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The Case of the Canny Killer




“The Nipper” Speaks Again!


Noah Turnbo, electrical construction and transmission superintendent of the Tippingdale Steel Plant, slammed the desk telephone over which he had been talking viciously down on its cradle base.

And reason enough—for the news he had just that moment received was the straw that broke the elephant’s collarbone!

Angrily, morosely, he gazed about his commodious private office, now fitted up with its cool summertime furnishings consisting of woven grass rug and comfortable wicker furniture; then flung his gaze frustratedly toward the one broad window which, its sill now filled with green potted plants all greedily drinking in the bright sunshine of 10:30 of an August morning, looked out over the mills and towering chimneys of the great steel plant. Then he brought his gaze fiercely back to his flattop desk, and saw reflected upward from its plate-glass top a man of 57, gray-haired. and wearing a dark tweed coat and a soft-collared dark shirt that was a perfect compromise between the garb of executive and worker.

But now, hearing a gentle apologetic squeak at the door of his office which led to his secretary’s room outside, Noah Turnbo’s troubled face lighted up with relief. For a stocky head, covered with flaming red hair, was peeping in. And Turnbo eagerly called out:

“Come in, Red! Come in. You’re the very man I want to see! Just got a report, no more than 10 seconds ago, from the trackwalker on the Slagville line. And damn it to hell and gone, Red, ‘The Nipper’ slipped over something new on us sometime between last night and this morning!”

Over the wide and somewhat flat face that was peering into the office swept a look of complete surprise. Its lower jaw fell open, displaying two rows of irregular tobacco-stained teeth, and its brown eyes widened into unbelieving circles. A freckled hand came forth, and pushed back from a low narrow forehead a tangle of bright red hair. “The—the hell you say, Mr. Turnbo,” was the answer. “What—when—”

“Are you coming in—or are you staying out?” asked Noah Turnbo dryly.

The owner of the red hair entered diffidently, and closed the door behind him. “Red” McAfee, foreman of the electrical line gang, was a stockily built individual of no more than 30. He wore a brown suit and a liverish brown flannel shirt equipped with bright flat pearl buttons, but unadorned by any necktie, and the hat clutched in his fingers was a much begrimed and much begreased gray slouch hat.

“You—you don’t mean t’ tell me, Mr. Turnbo,” he was saying, “that ‘The Nipper’ is startin’ in now to monkey with our 22,000-volt lines? Surely he wouldn’t—”

“Sit down,” ordered Turnbo peremptorily. “There’s: no think­ing about it, I tell you. I know it for a fact.” Red McAfee was dropping helplessly into the wicker visitor’s chair next to the desk. The bright and generous light from the nearby window brought out vividly the slight jaundice-like tinge to his skin, betokening a man possessed of a liver that was not all it should be; perhaps even explaining the line gang foreman’s undoubted genius at inundating a crew of lazy workers with curse words such as had never been heard before on land or sea! “However,” Turnbo now went on grimly, “what the devil would a mere 22,000 volts be to a man who was monkeying with 25 years in the penitentiary? For that, don’t forget, Red, was the penalty decreed in this state, during World War II, for sabotage in any plant making United States military or naval material. We still, today, roll some destroyer steel—and even now, 21/2 years after the close of the war, the law has never been repealed. So what’s 22,000 volts to such a—”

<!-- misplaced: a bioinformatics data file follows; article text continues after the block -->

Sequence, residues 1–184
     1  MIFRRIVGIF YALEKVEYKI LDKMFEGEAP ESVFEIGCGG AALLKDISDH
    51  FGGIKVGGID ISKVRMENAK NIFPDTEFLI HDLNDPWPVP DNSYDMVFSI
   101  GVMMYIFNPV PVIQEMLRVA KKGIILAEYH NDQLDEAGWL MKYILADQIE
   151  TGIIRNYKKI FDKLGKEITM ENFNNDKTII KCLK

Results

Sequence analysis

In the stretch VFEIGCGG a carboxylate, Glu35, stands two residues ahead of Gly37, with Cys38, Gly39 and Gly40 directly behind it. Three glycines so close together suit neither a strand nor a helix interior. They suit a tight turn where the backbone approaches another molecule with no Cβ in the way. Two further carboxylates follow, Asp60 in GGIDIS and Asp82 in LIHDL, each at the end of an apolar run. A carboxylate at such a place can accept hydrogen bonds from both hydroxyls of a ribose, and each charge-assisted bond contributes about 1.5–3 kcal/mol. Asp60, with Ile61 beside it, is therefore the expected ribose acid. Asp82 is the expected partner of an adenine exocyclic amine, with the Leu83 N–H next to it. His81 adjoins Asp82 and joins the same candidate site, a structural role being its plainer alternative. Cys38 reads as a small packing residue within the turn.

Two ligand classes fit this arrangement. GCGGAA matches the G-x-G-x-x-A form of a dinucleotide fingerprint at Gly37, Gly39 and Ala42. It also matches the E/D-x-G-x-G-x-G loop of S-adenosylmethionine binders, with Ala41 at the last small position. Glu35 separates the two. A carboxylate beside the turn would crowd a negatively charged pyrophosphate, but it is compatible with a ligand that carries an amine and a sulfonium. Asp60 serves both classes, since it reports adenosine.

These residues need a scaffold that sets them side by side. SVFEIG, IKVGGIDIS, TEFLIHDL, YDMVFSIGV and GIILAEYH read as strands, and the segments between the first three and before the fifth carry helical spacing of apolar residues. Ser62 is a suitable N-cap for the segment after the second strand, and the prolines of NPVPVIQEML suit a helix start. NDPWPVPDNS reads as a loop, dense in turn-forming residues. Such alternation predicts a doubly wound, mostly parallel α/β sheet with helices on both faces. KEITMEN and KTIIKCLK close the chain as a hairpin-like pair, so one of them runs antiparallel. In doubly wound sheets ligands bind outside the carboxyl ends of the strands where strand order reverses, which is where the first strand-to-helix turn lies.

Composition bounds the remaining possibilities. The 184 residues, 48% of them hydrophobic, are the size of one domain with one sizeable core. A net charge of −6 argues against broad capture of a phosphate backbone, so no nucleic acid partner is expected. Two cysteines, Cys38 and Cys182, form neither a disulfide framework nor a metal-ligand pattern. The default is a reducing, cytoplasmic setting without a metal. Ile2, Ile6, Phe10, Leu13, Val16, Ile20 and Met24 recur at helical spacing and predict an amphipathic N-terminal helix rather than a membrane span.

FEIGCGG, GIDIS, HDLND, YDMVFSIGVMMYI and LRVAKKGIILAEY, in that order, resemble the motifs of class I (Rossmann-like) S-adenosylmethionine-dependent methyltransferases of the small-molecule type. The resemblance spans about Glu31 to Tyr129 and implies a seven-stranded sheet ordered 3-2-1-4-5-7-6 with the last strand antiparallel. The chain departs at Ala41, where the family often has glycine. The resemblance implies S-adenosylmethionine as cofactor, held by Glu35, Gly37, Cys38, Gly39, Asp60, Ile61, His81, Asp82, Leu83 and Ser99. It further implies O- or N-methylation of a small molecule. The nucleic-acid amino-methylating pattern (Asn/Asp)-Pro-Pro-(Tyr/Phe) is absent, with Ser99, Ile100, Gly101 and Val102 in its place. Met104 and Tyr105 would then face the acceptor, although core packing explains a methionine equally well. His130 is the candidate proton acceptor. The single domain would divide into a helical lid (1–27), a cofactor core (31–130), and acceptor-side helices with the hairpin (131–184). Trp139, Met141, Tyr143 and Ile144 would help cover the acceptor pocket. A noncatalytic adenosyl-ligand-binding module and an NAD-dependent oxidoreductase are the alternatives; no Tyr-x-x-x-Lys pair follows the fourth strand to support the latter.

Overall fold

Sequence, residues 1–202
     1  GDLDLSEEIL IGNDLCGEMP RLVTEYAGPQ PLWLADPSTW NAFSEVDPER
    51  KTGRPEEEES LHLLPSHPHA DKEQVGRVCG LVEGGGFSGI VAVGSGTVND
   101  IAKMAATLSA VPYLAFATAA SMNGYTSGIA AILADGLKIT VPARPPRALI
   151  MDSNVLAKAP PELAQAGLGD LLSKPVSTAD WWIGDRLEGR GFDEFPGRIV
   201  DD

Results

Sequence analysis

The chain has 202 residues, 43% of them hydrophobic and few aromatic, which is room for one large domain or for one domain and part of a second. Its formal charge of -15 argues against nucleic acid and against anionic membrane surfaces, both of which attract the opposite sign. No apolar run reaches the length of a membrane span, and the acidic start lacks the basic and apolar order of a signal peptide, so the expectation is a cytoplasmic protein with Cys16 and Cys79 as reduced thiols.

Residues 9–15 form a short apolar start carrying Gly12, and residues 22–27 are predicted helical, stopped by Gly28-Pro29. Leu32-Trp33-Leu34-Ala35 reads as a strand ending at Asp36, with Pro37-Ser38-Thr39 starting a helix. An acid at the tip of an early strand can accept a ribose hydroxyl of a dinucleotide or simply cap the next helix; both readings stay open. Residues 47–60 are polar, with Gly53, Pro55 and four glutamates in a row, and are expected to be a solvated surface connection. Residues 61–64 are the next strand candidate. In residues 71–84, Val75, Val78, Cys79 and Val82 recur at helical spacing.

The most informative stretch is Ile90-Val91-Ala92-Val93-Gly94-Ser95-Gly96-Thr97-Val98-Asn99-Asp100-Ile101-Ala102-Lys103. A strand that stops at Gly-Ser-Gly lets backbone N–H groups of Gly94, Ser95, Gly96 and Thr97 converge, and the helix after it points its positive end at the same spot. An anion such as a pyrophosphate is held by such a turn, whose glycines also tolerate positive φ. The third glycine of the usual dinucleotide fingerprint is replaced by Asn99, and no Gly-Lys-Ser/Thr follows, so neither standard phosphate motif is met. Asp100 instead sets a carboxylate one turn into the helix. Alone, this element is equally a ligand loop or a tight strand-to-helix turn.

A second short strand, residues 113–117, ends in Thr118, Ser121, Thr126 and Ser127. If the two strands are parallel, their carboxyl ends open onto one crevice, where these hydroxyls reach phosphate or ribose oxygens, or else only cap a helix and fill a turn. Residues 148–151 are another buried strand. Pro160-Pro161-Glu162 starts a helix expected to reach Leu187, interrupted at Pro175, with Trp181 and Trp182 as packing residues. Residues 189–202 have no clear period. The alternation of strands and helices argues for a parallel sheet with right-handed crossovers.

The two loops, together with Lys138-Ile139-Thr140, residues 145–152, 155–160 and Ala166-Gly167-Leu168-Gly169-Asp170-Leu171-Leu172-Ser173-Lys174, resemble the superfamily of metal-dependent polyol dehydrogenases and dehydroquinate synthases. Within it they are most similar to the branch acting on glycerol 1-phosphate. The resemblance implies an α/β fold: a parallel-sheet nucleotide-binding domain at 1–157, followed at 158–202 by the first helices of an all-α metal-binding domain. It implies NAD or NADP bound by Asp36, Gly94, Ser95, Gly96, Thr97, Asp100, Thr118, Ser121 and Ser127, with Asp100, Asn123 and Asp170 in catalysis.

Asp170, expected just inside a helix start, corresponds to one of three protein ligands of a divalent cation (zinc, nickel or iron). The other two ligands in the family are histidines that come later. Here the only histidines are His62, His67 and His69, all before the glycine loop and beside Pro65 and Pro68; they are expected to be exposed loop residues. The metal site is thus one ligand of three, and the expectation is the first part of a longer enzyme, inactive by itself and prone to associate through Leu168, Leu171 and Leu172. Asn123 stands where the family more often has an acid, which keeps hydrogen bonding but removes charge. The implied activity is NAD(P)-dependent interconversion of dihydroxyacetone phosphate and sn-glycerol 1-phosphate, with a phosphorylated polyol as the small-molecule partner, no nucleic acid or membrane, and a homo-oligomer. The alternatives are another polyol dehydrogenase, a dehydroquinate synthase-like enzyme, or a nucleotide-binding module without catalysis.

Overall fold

He shrugged his shoulders like a man who had completely made his point. Which he plainly had, judging by Red McAfee’s acquiescent nod.

“But,” Turnbo put in suddenly, “you want to know, of course, what ‘The Nipper’ pulled off last night. Well, the trackwalker on that Slagville line reports that all three insulators on Pole No. 147, out there in the country, are neatly shot away, and that the three transmission cables are sagging right onto the crossarm. And ’twas no damnfool kid, either, shooting with a .22 rifle for nightbirds—for one of the slugs, lying at the base of the pole, is a high-powered, steel-jacketed .45. Why, if that rainstorm that was scheduled—but fortunately has by-passed us far east of here—had come up by this morning, there’d have been such a beautiful imitation of a short-circuit across that wet piece of wood that we’d have had to close down the cement plant there at Slagville right in the midst of its present 24-hour-a-day operations, just in order to fix up that one little piece of vandalism. For you know as well as I that those cables are improperly spaced—strung, to boot, over crossarms that are really too short—by whatever Scotch-brained idiot laid out that line in the long, long ago. If ’twasn’t so, we wouldn’t have been using these special extra corrugation long-surface-travel porcelain insulators we use today. However,” Turnbo broke off, “the weather’s dry, so there’s no leakage—the Slagville plant is running now night and day, on a huge rush-order plus its backlog—so we’ll just let her keep running till she’s cleaned up. Which will be in a few days more or less—probably less. And then only will we shut her down—to fix up last night’s piece of vandalism. Unless, of course, rain, in the meantime, plays hell with—”

“Aw, there’ll be no rain,” declared Red emphatically. “That threatened rain las’ night was the only chanct we had of any.”

“I believe you.” Turnbo lapsed into dour silence. “Well, it seems now ‘The Nipper’s’ got a new toy to play with, or at. And now I suppose—by God, Red, it’s a queer industrial situation we’re up against here. I get so damned mad sometimes that I actually hate myself—when I think of how one lone devil of a human being can delay and impede and hamper the whole output of a big mill through nothing but his wirecutters and his mere skill in selecting the vital spots of our great nervous system—the electrical network—to tamper with.”